[Mk1] Why does Amp meter bounce up in the 'C' range?

Battery is good
Brushes in Generator are fine.
Belt is tensioned ok.
Regulator seems clean and points look good
At idle the gauge reads just on the D side (pretty normal)
However, when driving with the exceleration down the Amp meter bounce all over in the C range.

What’s going on here?

The car drives well but I just don’t understand what’s happening with the Amps

Underneath the regulator are several resistors that act to swamp out voltage and current surges as the contacts open and close. The MK1 uses an RB310 regulator, which has one or two, between the field and ground, and one between the field and the armature of the generator. If any are open they will produce the symptoms you are seeing.

Thanks for responding.
Pardon my ignorance but I don’t know what you mean by ‘open’. Are you referring to the three points?
In the attached picture the first two points are closed but the third (the one with the different copper points) is visibly open.
Is that what you are referring to?


This might be a slightly better picture.

Open means not conducting like a burnt out fuse in reference to the resistors Mike was describing.

You are seeing three switches, by underneath I understand you should look inside the metal hump they sit on, so unbolt the regular and look at the bottom, and measure the resistors you find there.

Here is a picture of the underside of two RB310 regulators from my junk box, which are slightly different from each other.

The cylindrical bars that you see are 100 ohm resistors. The regulator on the left has one resistor between the “D” and the “F” terminals, while the one on the right additionally has a resistor between the “F” terminal and ground. None of the resistors in the picture are functional, and I suggest that yours may also have suffered the same fate.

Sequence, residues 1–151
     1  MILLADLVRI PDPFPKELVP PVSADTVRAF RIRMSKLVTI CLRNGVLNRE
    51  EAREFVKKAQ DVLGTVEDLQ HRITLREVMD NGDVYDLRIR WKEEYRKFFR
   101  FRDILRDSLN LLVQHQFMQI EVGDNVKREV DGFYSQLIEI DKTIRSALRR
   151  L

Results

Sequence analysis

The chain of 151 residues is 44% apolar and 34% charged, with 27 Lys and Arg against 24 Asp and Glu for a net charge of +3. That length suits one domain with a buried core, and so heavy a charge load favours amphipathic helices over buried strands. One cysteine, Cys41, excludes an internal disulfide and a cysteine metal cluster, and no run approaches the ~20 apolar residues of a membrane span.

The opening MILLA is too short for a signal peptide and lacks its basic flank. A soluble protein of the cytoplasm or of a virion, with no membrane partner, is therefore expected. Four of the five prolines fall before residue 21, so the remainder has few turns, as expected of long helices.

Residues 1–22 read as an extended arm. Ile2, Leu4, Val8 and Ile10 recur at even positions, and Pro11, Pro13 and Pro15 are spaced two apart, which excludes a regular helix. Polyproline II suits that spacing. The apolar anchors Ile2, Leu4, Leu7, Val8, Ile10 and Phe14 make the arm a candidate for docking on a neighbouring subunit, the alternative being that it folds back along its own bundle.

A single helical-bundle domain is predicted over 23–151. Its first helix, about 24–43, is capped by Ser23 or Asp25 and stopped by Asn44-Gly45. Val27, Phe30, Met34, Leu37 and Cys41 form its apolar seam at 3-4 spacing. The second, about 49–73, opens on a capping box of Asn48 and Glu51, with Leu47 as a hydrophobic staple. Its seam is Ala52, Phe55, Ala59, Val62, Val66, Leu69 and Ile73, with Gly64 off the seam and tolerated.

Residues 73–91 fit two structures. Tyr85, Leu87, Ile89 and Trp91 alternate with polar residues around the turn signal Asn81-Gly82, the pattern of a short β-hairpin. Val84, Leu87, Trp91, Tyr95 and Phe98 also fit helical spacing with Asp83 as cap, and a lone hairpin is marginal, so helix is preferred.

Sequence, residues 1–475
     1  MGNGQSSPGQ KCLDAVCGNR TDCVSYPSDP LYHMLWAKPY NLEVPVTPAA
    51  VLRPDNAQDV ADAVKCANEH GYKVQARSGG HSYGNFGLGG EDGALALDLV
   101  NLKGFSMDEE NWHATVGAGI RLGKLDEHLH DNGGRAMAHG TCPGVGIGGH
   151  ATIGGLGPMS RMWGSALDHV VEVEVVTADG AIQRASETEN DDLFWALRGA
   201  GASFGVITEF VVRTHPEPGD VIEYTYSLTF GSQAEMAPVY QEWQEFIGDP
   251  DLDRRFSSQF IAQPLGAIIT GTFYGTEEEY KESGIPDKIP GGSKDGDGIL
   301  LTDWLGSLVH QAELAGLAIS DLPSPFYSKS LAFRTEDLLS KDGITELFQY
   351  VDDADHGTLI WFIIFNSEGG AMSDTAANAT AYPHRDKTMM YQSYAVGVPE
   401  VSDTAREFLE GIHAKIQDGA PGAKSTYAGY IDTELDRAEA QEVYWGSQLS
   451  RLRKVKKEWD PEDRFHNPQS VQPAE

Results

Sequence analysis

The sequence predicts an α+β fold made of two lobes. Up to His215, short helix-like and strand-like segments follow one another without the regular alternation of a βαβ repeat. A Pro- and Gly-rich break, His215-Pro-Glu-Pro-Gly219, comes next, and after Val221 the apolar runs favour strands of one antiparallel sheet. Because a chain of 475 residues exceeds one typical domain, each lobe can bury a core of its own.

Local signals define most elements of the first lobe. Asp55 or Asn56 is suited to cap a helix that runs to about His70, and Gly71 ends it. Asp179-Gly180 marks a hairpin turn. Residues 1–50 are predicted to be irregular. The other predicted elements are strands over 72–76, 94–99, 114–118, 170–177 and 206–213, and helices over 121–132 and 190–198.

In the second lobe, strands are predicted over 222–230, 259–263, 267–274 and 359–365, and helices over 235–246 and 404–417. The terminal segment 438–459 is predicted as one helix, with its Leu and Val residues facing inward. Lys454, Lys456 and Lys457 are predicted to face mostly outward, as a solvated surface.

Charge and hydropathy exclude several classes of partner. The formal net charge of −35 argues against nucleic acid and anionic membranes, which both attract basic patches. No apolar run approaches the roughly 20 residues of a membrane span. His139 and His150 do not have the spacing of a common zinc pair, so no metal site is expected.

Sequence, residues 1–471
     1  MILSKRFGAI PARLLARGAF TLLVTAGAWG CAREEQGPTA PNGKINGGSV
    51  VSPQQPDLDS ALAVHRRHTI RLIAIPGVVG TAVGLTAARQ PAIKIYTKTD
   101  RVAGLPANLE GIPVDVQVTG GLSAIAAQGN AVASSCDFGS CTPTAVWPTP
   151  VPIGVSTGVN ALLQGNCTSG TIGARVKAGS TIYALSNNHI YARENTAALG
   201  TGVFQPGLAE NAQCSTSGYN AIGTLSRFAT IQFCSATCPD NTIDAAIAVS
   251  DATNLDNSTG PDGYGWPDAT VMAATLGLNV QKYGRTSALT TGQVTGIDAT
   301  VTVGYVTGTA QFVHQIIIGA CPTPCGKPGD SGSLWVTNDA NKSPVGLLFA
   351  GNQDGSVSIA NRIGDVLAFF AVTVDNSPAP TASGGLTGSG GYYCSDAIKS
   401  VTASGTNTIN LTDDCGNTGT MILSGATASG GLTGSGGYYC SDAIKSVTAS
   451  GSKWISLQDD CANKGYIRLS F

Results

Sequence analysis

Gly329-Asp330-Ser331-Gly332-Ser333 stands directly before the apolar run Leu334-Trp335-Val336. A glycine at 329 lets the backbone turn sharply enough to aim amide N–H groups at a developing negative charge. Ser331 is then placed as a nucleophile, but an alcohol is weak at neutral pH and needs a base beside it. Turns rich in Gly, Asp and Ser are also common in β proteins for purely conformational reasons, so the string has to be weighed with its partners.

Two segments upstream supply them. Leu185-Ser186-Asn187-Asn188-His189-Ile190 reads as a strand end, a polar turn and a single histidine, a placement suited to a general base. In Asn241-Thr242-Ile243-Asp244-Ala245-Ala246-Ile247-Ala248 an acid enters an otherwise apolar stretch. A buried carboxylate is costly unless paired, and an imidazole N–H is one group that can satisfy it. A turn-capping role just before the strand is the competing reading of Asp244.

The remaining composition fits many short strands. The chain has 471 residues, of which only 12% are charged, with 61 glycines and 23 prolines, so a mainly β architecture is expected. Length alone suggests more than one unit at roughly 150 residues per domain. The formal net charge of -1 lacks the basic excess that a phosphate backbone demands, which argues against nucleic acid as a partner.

So, I’ll ask the obvious question, if we know the specs of these resistors can they be bought from an electronics supplier and fitted to these regulators?

That’s what I did many years ago.

Upon looking at my MK2 I see that I had replaced the “D to F” resistor with a pair of 75 Ohm 5 Watt resistors in parallel and the “F to Ground” resistor with a 1N5400 diode, biased for a negative ground car. The diode snubs the inductive kickback from the field winding and by so doing keeps the voltage regulator points from arcing and eroding. I probably used two resistors because I had them, but if you’re buying them a 33 Ohm 5 Watt resistor should work fine.
Mouser.com sells electronic parts.

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If I can digress for a moment and we assume that the regulator is working correctly; would it be normal to see the Amp meter reading further over to the ‘C’ charging side if the battery is at 11 volts. In other words does the regulator allow the voltage to continue until the battery and generator are at equilibrium?
Could this be a reasonable explanation for the Higher reading on the Amp meter?
Should I expect the needle to move back towards center once the correct battery charge has been achieved?
Note: this behaviour is only evident when drive and not when at idle.